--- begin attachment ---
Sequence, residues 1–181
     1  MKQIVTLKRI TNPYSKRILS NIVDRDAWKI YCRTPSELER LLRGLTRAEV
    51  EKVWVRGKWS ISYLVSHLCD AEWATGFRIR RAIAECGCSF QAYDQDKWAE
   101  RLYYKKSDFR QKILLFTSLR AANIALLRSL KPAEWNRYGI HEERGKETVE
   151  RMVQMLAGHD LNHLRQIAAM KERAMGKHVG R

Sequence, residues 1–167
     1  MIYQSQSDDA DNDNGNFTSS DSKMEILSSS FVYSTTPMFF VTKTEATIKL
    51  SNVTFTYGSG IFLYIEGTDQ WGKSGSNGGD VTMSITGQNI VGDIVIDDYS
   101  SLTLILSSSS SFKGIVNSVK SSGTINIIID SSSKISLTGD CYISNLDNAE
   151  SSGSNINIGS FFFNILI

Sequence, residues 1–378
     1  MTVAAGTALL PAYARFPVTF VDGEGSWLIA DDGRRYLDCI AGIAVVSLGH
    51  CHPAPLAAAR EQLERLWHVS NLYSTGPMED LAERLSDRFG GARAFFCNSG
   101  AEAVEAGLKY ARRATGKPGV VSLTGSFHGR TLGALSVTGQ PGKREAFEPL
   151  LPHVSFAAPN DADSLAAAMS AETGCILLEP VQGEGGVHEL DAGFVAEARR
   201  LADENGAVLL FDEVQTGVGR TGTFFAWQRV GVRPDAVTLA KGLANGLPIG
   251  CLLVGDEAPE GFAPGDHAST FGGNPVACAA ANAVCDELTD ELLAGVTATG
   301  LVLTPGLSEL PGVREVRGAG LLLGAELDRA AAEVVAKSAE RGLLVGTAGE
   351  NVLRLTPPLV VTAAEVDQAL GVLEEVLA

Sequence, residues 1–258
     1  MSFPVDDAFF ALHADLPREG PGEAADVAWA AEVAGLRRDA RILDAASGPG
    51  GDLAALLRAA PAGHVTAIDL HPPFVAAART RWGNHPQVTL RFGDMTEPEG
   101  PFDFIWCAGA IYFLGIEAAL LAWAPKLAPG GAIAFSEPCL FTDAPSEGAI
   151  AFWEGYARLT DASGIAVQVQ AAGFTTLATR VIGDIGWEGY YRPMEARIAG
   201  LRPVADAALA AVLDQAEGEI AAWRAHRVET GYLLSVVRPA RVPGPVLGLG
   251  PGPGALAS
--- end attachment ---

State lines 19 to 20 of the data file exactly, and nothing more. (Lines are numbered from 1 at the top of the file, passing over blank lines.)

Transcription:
   351  NVLRLTPPLV VTAAEVDQAL GVLEEVLA

Sequence, residues 1–258